Doctor insights on:
Neuroscience: There are a variety of treatments for ADD/ADHD based upon modern neuroscience. There are many physical treatments to help stimulate various parts of the brain. Additionally, a variety of computer programs and applications that support the physical treatment. Functional neurology and amino acid treatments have shown some benefits as well. ...Read more
Several uses: Magnesium sulfate is commonly used to stop premature labor, and to prevent eclamptic seizures, and may also be beneficial for a baby born prematurely. Typically a "loading dose" of 4-6 grams is used, followed by 2-3 grams per hour given intravenously. Side effects including flushing, dry mouth, blurred vision, and nausea, and are usually worse for the first 24 hours a woman gets the medication. ...Read more
Lung damage: Many drugs can cause scaring of the lungs. If the lungs are too severely damaged, it may lead to ards. ...Read more
I got sciatica, my left knee & toe is hurt. Let me know the process of treatment and therapeutic exercises to improve. Which drugs can I use? Thanks!
The primary task is to differentiate piriformis syndrome from discogenic sciatica. In my experience, few doctors examine the piriformis muscle/sciatica apparatus and miss the diagnosis. Similar exercises but not the same.
Look that up, then proceed. Abs Abs Abs are the key to any rehab program. I like using the exercise ball. Resistaball has some good strategies. ...Read more
How can the therapeutic effects of antacid drugs, h2 blockers, proton pump inhibitor drugs, misoprostol?
Question?: I'm not sure I fully understand what your question is? The drugs you listed all help with symptoms of GERD or stomach ulcers, and they have different means by which they help patients with these problems. The safest and easiest to take are antacids and H2 blockers. Please consider rephrasing your question more specifically. ...Read more
There are none...: Even the strongest opiates only "take the edge off" for people in chronic pain. Meds are only one part of dealing with the pain. A useful tool, but pain is so necessary for survival that we are not "allowed" to monkey with it much. In acute pain, the transition from miserable to less miserable can be great. In chronic pain, it's just part of the plan. ...Read more
Sometimes: Sometimes they are. For the most part, expired drugs simply lose potency once past their expiration date. There are, however, some drugs that actually become harmful if taken after they expire. As such, it is best to throw out any medications you have after a year. ...Read more
ASPRIN: Actually no one has decided on 'safest'. Asprin has been around since before you were born and unless you take too much (yes, too much of anything isn't good) most people are okay with it. If the pain it too severe for asprin you need to know what causes it. Good diagnosis is called for. See the dr. ...Read more
Applies to skin: Topical just refers to how a medication is applied. In this case to the skin and is meant to treat local skin problems. Some meds are applied to the skin but are meant to be absorbed into the body in which case we use the term "transdermal" since it is meant to pass through the skin to affect the whole body. ...Read more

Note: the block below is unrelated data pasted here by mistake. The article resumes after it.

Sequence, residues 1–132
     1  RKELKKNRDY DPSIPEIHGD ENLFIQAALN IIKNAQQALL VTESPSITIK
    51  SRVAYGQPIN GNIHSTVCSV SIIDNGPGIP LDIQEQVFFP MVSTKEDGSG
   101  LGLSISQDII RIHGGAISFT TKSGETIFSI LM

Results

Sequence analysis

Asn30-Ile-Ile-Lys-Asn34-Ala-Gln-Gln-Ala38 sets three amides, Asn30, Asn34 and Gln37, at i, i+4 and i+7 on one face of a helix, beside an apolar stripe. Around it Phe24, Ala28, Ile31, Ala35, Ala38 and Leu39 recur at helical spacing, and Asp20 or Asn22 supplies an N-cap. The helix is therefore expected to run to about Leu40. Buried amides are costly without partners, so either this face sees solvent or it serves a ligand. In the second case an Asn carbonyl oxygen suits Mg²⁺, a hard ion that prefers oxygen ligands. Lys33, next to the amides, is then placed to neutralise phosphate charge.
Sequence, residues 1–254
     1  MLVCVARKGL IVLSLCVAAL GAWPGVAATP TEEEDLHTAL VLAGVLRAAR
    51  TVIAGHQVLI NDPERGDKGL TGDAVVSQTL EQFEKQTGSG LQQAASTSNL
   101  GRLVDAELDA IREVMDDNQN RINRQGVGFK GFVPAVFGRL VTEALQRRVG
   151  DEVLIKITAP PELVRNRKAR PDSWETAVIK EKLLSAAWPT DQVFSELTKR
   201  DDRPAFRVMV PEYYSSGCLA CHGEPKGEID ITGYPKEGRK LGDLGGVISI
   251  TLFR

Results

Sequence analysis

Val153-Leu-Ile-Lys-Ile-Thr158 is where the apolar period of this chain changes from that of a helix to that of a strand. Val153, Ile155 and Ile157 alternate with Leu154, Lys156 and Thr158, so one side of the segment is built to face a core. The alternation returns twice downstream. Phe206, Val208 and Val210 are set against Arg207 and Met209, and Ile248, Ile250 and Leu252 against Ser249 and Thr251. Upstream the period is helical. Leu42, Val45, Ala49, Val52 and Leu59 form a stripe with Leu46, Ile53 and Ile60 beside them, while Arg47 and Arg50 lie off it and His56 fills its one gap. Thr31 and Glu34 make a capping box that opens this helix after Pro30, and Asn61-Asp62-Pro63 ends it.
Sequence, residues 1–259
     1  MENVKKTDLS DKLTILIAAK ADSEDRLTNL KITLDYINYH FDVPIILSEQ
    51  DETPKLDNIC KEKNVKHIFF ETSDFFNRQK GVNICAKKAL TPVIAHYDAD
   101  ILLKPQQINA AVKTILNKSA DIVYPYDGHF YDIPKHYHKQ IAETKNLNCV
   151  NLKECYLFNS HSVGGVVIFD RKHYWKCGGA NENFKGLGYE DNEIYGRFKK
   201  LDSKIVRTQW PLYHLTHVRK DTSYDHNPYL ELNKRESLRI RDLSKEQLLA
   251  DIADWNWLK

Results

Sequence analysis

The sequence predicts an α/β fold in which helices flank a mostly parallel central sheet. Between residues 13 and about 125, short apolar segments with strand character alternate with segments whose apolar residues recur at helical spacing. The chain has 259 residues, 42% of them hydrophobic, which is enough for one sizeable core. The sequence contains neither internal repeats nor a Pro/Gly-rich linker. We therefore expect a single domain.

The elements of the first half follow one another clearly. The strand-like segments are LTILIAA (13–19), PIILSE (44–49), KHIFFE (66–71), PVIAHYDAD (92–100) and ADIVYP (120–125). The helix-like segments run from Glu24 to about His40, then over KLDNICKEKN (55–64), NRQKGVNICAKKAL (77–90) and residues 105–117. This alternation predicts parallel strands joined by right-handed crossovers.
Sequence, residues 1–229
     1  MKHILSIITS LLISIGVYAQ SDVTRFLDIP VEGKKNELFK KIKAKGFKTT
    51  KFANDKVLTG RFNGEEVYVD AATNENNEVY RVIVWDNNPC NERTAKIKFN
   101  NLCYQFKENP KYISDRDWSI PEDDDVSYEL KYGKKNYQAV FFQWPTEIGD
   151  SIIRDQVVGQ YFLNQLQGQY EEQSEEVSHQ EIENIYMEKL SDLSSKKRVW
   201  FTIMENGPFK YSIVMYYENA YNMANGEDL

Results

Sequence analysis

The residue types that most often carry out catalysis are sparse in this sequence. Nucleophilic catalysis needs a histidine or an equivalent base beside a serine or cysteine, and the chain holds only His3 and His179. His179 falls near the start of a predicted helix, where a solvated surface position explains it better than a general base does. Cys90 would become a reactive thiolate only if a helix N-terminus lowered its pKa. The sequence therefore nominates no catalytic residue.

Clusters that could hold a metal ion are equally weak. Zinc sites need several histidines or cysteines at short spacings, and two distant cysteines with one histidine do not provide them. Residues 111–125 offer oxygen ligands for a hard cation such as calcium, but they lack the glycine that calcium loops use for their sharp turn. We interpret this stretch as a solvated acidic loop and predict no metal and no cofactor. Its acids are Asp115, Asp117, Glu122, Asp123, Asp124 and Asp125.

Why R you depressed?: If your depression is affecting your life and/or those around you and you have trouble dealing with it or not knowing how to etc. It is very reasonable to seek help, either from a therapist, your physician/nurse, or both. Psychotherapy may be adequate for some, others may need both meds (many choices, depending on your symptoms/needs) and therapy. Consult doc. Good luck. ...Read more
RSD, or: Complex regional pain syndrome can be difficult to treat and each patient needs to be treated differently. Opioid medications are definitely not the first option. Consider medications that affect nerve pain most, like neuromodulators such as gabapentin. Clonidine has been found to help some as well. Stellate ganglion blocks can be diagnostic/therapeutic. Consider topical ketamine creams as well. ...Read more
Antacid: An h2 blocker (like Pepcid (famotidine) or its generic) once or twice daily, provides relief for many after about a week. If this fails, a proton pump inhibitor (ppi--like Prilosec or its generic) will often work where h2's have failed. If both fail after at least one week trial of each, see your dr or a GI dr for eval. ...Read more
Elimiron: Elmiron (pentosan) is a medication that is fda approved for ic (interstitial cystitis). The main way it works is not truly known, but it may help with coating the lining of the bladder. In ic, inflammation may be the main cause of pain. Have you seen a doctor in regards to this? Hopefully, you can get the proper testing and see if this med would work well for you. ...Read more
Some people do: ADD medications, stimulants in particular may change the way you feel. Some feel calmer or less restless or agitated. Some feel more focused. Some feel increased restlessness. But in short, yes, stimulants can make you feel differently than prior to taking them. ...Read more
Clarify, please!: Do you want to know how to treat addiction? There are many addicting drugs out there and the medical treatment is different for all of them. But for all of them Narcotics Anonymous or Alcoholics Anonymous are extremely helpful and can often be the only treatment required. Often these programs, which are free, have success rates equal to many inpatient and outpatient costly rehab programs. ...Read more